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Scalia blasts 'judge moralists'
in speech at Chapman law school

By Gillian Flaccus

August 29, 2005
ORANGE U.S. Supreme Court Justice Antonin Scalia blasted what he called "judge moralists" and the infusion of politics into judicial appointments during a Monday night lecture that capped a day of activities celebrating the 10th anniversary of the Chapman University School of Law.

Scalia's tone was notably more serious than earlier in the day, when he sparred with law school students and undergraduates who participated alongside him in the re-enactment of a century-old landmark case.

Speaking before a packed auditorium, Scalia said he was saddened to see the U.S. Supreme Court deciding moral issues not addressed in the Constitution, such as abortion, assisted suicide, gay rights and the death penalty. He said such questions should be settled by Congress or state legislatures beholden to the people.

"I am questioning the propriety indeed, the sanity of having a value-laden decision such as this made for the entire society ... by unelected judges," Scalia said.

"Surely it is obvious that nothing I learned during my courses at Harvard Law School or in my practice of law qualifies me to decide whether there ought to be, and therefore is, a fundamental right to abortion or assisted suicide," he said.

Scalia also railed against the principle of the "living Constitution," saying it has led the U.S. Senate to try to appoint so-called politically "moderate" judges instead of focusing on professional credentials and ability.

"Now the Senate is looking for moderate judges, mainstream judges. What in the world is a moderate interpretation of a constitutional text? Halfway between what it says and what we'd like it to say?" he said, to laughter and applause.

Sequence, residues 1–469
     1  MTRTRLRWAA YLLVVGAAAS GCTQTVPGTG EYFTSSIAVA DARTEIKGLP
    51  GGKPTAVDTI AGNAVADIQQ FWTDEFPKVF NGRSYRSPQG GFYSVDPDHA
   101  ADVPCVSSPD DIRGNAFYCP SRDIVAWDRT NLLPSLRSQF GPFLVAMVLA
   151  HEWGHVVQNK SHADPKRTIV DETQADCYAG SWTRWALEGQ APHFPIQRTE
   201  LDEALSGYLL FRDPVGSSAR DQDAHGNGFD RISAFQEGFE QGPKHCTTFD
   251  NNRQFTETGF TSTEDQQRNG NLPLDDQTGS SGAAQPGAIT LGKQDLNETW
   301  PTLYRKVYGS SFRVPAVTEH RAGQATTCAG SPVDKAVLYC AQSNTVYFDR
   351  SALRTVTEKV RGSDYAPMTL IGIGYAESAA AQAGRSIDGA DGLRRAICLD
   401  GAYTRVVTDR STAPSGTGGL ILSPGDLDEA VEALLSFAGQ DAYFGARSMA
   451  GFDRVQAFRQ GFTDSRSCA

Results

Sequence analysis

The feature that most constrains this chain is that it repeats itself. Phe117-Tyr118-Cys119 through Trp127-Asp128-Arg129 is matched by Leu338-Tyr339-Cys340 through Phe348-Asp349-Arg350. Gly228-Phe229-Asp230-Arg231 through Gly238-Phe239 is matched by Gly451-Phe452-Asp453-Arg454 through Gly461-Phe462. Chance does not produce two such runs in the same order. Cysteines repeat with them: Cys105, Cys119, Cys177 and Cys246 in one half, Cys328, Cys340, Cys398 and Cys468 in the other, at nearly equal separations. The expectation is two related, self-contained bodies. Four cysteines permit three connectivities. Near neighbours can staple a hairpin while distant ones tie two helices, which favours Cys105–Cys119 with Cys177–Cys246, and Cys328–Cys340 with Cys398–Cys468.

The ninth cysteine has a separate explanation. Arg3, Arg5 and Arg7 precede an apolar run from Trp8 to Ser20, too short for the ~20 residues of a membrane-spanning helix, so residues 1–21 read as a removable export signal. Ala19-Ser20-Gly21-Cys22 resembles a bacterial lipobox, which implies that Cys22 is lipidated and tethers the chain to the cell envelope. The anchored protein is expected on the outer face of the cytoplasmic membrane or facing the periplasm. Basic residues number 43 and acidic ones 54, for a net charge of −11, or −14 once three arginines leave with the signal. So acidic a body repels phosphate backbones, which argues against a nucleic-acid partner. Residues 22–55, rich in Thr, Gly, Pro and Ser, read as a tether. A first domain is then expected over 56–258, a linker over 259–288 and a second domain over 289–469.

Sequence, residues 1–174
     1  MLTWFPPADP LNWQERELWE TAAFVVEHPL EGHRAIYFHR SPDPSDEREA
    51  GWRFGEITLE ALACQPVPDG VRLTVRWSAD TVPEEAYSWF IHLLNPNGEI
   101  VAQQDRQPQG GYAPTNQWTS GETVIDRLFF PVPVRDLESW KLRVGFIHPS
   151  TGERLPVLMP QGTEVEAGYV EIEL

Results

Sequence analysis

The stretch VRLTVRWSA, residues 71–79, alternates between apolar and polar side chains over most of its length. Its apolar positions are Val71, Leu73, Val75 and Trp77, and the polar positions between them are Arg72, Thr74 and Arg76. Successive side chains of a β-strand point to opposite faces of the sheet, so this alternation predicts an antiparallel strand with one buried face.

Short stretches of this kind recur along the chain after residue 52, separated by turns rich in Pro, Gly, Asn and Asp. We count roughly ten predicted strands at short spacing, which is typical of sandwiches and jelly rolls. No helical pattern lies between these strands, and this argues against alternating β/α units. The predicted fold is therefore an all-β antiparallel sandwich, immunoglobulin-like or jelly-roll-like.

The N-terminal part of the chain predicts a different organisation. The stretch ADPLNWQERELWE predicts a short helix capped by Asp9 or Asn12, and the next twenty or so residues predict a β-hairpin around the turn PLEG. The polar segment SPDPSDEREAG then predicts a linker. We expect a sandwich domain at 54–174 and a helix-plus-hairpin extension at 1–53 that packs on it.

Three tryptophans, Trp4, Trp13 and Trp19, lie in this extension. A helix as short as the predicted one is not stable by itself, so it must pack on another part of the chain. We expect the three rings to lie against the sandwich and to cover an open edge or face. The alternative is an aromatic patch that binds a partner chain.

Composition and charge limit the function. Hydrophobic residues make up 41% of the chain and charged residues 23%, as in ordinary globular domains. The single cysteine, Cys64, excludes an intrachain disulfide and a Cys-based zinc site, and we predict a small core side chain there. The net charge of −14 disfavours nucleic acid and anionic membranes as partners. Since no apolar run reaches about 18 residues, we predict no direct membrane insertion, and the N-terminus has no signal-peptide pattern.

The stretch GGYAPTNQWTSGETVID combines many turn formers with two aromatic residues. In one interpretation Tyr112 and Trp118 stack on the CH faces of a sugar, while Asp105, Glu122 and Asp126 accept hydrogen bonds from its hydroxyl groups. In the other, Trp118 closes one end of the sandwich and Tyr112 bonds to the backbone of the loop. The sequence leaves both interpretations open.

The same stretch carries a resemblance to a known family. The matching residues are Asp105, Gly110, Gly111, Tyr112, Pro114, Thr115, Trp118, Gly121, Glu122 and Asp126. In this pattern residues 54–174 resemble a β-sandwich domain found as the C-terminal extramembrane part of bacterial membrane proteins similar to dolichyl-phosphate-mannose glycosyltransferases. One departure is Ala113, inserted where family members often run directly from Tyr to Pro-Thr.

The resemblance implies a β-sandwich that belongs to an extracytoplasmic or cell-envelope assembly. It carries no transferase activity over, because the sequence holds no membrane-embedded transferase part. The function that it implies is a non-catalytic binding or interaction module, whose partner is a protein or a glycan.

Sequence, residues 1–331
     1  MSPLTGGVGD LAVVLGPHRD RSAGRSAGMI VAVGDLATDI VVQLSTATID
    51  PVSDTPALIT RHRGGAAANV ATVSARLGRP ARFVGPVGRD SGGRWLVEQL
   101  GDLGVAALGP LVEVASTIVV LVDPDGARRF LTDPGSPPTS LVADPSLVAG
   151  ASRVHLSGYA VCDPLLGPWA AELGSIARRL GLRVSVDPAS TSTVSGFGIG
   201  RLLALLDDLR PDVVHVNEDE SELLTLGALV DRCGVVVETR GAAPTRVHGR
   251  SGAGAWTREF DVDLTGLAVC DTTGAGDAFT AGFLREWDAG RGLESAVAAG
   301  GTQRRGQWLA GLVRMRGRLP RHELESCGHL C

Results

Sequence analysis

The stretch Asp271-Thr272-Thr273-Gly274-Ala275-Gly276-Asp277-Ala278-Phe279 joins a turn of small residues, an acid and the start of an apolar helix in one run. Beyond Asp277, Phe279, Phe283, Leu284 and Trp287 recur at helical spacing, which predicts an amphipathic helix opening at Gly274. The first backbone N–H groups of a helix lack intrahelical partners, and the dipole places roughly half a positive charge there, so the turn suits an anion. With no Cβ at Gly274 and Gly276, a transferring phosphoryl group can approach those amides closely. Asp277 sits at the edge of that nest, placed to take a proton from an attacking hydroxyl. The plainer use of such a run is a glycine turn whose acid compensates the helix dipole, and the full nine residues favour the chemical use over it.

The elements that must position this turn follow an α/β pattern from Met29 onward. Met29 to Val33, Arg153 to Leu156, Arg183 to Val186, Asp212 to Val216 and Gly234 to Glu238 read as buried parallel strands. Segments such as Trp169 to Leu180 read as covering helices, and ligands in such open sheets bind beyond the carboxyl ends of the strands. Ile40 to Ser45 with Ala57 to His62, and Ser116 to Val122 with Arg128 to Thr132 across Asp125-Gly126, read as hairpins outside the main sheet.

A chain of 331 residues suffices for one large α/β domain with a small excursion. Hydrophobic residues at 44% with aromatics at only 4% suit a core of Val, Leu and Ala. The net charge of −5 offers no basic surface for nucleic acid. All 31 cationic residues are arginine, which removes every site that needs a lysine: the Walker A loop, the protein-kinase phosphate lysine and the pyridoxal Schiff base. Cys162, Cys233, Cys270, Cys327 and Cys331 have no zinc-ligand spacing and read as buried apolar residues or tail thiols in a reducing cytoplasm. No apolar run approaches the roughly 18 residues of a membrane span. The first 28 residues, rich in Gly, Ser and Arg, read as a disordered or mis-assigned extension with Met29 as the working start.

"Once one adopts this criteria, of course, the Constitution ceases to perform its principal function, which is to prevent the majority from doing what it wants to do."

Scalia didn't make any direct references to the looming confirmation battle for Supreme Court nominee John Roberts, but he did allude to it as he spoke of the politicizing of the judicial process.

"Each year the conflict over judicial appointments has grown more intense," he said. "One is tempted to shield his eyes from the upcoming spectacle."

Earlier in the day, Scalia was much less serious while re-enacting the landmark 1905 Supreme Court case Lochner v. New York with five recent law school graduates, three undergraduates, California Attorney General Bill Lockyer and a Chapman professor.

The original court ruled that the state could not impose laws that limited bakers' hours because to do so violated the liberty and due process of the bakery owner. On Monday, however, the mock justices overturned that decision in less than 30 minutes of debate.

"There will be no majority opinion. This will be one of those unpublished opinions that will not be citable before the Supreme Court," Scalia, who played the role of Chief Justice Melville Weston Fuller, joked after announcing the students' decision.

The debate was lighthearted, as participants made jests on topics ranging from Scalia's nine children and Italian heritage to his reputation as a die-hard constitutionalist.

"I think one of your successors 100 years from now is always going to ask us to focus on the original (constitutional) document," professor John Eastman, who played the role of Lochner's counsel, jokingly told Scalia during an exchange about the role of due process.

At another point, Eastman said the baker who worked the extra hours wanted to work to get extra money for Christmas.

"Maybe he wanted to buy a new crutch for Tiny Tim," Scalia interjected, to laughter from the crowd. "Please, counselor, don't read all these tenderhearted things into it."

Eastman later argued that the state law had been sponsored by German union members who wanted to prevent competition from harder working Italian immigrant bakers. To that, Scalia replied "Mama mia!"

Scalia also taught a constitutional law class Monday morning at the school and unveiled a memorial to law and liberty on the campus.